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Dark chocolate and Cocoa butter-Proven skin benefits and Popular Myths

Posted on August 18 2016

Cocoa Bean Consumption-Dark Chocolate!


woman eating dark chocolateT
he cocoa bean has been consumed and utilized in the Americas for approximately 3000 years.   We are all familiar with 2 of the popular forms of cocoa bean consumption today, those being solid chocolate bars and hot chocolate drinks! Health benefits referenced here for consuming cocoa are exclusively referring to dark chocolate, or chocolate with over a 65% cocoa concentration. Any health benefits for milk chocolate are generally agreed to be cancelled by the high fat and sugar content in milk chocolate....Sorry! Bummer, I know.  This is a point of confusion for many people who hear about the health benefits of chocolate.
Health benefits for your skin when consuming (eating) dark chocolate:
  1. Consuming Cocoa high in flavenols (dark chocolate)  has been proven to protect your skin from sun damage. In a 12 week double-blind study it was proven that women who consumed high flavenol cocoa powder showed a decreased UV skin response of 25% after 12 weeks. [1]
  2. Consuming high flavenol (dark chocolate) has been proven to increase blood flow to your skin, which is critical for skin health.  A 12 week double blind study was performed showing results of 100% increase in blood flow to the dermis at 1 mm depth at week 12 after consuming high flavenol cocoa. [2]

Raw Natural Cocoa Butter- Benefits when applied to the skin:
raw cocoa butter



Did you know the cocoa
bean also produces an amazing natural skin care ingredient called cocoa butter? This is a milky substance produced from the cocoa bean, separate from the solid powders that make up edible chocolate products.  Cocoa butter is so named because it looks somewhat like butter. It is milky colored, rich in natural fats (great for the skin), and solid at room temperature. However, it does not contain any dairy ingredients from animals. Cocoa butter is a vegan friendly, all natural skin care ingredient.  This natural plant butter is highly moisturizing, which helps the skin repair itself. This is the reason cocoa butter (theobroma cocao) is contained in so many
Goodness Soaps products. Check out our GS Luxe Bath bombs , caribbean chocolate face polish and Aztec fire premium face bar, for example.
Aztec Fire premium face soap with raw cocoa butter
Aztec Fire Premium face soap-with raw cocoa butter
 
To celebrate cocoa butter and all of its skin benefits we have put together a list of proven benefits as well as some popular misconceptions regarding this natural skincare ingredient. We cited medical studies, rather than click-bait articles, so you can see we got our information directly from the source!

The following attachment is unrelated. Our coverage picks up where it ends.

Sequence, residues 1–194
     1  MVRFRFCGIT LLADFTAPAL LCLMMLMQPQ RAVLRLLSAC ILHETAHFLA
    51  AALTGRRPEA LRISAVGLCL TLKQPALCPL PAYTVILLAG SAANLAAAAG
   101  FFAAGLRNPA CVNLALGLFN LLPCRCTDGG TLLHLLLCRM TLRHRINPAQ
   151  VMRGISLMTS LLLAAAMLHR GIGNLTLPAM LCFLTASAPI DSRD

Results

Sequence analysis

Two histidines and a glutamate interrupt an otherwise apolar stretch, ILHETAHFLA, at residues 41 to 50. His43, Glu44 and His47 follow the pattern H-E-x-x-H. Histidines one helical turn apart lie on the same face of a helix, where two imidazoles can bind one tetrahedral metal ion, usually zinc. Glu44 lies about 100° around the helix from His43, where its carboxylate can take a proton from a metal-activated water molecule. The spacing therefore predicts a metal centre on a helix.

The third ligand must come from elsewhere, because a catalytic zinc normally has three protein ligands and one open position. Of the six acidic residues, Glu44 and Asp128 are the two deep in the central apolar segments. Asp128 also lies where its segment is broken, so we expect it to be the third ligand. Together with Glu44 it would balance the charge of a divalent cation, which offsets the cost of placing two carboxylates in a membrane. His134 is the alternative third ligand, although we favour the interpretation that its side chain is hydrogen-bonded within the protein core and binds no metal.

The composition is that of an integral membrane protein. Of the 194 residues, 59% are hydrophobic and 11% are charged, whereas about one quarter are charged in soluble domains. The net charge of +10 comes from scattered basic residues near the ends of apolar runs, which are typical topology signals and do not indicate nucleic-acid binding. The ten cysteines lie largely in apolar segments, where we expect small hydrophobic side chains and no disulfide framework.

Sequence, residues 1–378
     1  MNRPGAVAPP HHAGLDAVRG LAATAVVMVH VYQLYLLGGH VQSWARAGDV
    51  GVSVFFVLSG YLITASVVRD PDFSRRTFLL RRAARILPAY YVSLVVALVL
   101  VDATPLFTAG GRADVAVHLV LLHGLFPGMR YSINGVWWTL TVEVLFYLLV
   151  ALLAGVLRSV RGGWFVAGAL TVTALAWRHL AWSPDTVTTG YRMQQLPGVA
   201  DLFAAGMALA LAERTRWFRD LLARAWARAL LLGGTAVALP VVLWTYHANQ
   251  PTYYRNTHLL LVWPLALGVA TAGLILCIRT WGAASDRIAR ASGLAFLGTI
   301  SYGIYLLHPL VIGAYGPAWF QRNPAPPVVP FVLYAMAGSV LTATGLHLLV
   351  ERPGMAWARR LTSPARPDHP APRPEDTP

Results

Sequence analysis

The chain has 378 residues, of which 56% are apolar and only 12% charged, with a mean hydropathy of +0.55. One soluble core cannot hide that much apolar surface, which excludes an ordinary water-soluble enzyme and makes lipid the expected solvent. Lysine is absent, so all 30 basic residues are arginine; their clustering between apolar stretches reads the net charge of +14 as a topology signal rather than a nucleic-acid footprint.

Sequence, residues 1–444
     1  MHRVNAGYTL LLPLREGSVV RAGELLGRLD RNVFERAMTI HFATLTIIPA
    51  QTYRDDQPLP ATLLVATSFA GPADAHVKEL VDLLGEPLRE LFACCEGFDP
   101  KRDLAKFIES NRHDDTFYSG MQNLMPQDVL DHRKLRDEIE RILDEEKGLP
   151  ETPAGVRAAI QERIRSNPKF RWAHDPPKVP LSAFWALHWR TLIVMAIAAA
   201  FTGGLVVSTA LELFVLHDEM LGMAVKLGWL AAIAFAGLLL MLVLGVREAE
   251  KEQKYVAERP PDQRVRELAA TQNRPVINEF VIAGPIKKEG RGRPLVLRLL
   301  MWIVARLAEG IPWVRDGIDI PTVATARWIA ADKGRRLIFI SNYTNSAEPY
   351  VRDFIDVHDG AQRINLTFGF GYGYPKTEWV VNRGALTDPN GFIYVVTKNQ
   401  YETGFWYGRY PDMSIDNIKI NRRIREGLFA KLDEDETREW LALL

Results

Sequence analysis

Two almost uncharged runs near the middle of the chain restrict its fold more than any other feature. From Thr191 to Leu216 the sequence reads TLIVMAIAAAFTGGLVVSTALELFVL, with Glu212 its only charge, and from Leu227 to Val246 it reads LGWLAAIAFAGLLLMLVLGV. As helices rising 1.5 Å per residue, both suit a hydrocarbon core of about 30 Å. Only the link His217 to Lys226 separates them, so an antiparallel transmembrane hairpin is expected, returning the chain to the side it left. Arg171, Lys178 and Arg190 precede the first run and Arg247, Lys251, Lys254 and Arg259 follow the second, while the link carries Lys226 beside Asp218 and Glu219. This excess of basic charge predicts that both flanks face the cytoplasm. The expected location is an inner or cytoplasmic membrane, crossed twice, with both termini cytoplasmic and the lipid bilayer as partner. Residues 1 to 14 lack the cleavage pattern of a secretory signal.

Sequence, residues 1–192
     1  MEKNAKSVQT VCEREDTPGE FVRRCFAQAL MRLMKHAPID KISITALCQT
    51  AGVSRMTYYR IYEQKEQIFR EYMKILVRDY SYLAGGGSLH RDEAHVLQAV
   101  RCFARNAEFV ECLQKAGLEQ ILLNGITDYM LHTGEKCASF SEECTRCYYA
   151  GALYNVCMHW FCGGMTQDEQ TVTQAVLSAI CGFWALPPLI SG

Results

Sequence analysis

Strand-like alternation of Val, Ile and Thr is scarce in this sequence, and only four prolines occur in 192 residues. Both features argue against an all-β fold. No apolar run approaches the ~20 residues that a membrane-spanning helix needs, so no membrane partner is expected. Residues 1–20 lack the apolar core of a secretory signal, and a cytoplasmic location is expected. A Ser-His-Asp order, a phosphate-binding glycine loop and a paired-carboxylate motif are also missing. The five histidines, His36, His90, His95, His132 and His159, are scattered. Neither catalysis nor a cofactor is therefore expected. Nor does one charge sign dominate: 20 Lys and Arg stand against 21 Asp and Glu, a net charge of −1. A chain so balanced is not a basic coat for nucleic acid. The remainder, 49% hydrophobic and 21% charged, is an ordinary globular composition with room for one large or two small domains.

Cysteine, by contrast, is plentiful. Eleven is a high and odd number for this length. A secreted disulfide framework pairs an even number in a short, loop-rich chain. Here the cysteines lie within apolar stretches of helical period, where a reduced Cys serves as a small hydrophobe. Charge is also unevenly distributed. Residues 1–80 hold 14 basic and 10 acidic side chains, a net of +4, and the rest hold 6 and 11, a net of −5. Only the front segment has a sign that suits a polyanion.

1.  Research has shown cocoa butter is effective in HEALING scars. This makes cocoa butter an ideal ingredient for lotions, body butters, and facial soaps.  [3]
  2. Despite popular misconception, there is no medical evidence that application of cocoa butter during pregnancy will help PREVENT stretch marks. There is data to support that keeping the skin hydrated during pregnancy will show an overall reduction in stretch marks, but not that cocoa butter specifically shows a unique ability to do so. Two studies are cited here because this is such a popular myth. Who knows, maybe someday a medical study will prove it! (that cocoa butter application prevents stretch marks). [4] [5]
  3. Cocoa butter is an exceptional moisturizing ingredient, which helps to increase the ability of the skin to repair itself and stay healthy.
  4. Cocoa butter may be effective for acne scars, but should be avoided for acne treatment. Another popular myth in circulation is that cocoa butter helps acne. According to the - American Osteopathic College of Dermatology, the opposite is true and cocoa butter should be avoided for acne.   [6]
  1. Scapagnini, Giovanni, Sergio Davinelli, Laura Di Renzo, Antonino De Lorenzo, Hector Hugo Olarte, Giuseppe Micali, Arrigo F. Cicero, and Salvador Gonzalez. "Cocoa Bioactive Compounds: Significance and Potential for the Maintenance of Skin Health." PMC US National Library of Medicine National Institutes of Health. PMC, 11 Aug. 2014. Web. 06 Aug. 2016.
  2. Steinberg F.M., Bearden M.M., Keen C.L. Cocoa and chocolate flavonoids: implications for cardiovascular health. J. Am. Diet. Assoc. 2003;103:215–223. doi: 10.1053/jada.2003.50028. [PubMed]
  3. "Chocolate." Evidence. The Mayo Clnic, 1 Nov. 2013. Web. 06 Aug. 2016.
  4. Korgavkar, K., and F. Wang. "Stretch Marks during Pregnancy: A Review of Topical Prevention." Br J Dermatol British Journal of Dermatology 172.3 (2015): 606-15. Web.
  5. Sur, Dipanshu, and Ratnabali Chakravorty. "The Effects of Topically-Applied Skin Moisturizer on Striae Gravidarum in East Indian Women." Journal of Clinical & Experimental Dermatology Research Clin Exp Dermatol Res 06.06 (2015): n. pag. Web. 6 Aug. 2016.
  6. "Acne - American Osteopathic College of Dermatology (AOCD)." Acne - American Osteopathic College of Dermatology (AOCD). N.p., n.d. Web. 06 Aug. 2016.
More Links:
World of Cocoa Foundation:  http://www.worldcocoafoundation.org/category/knowledge-center/research-documents/

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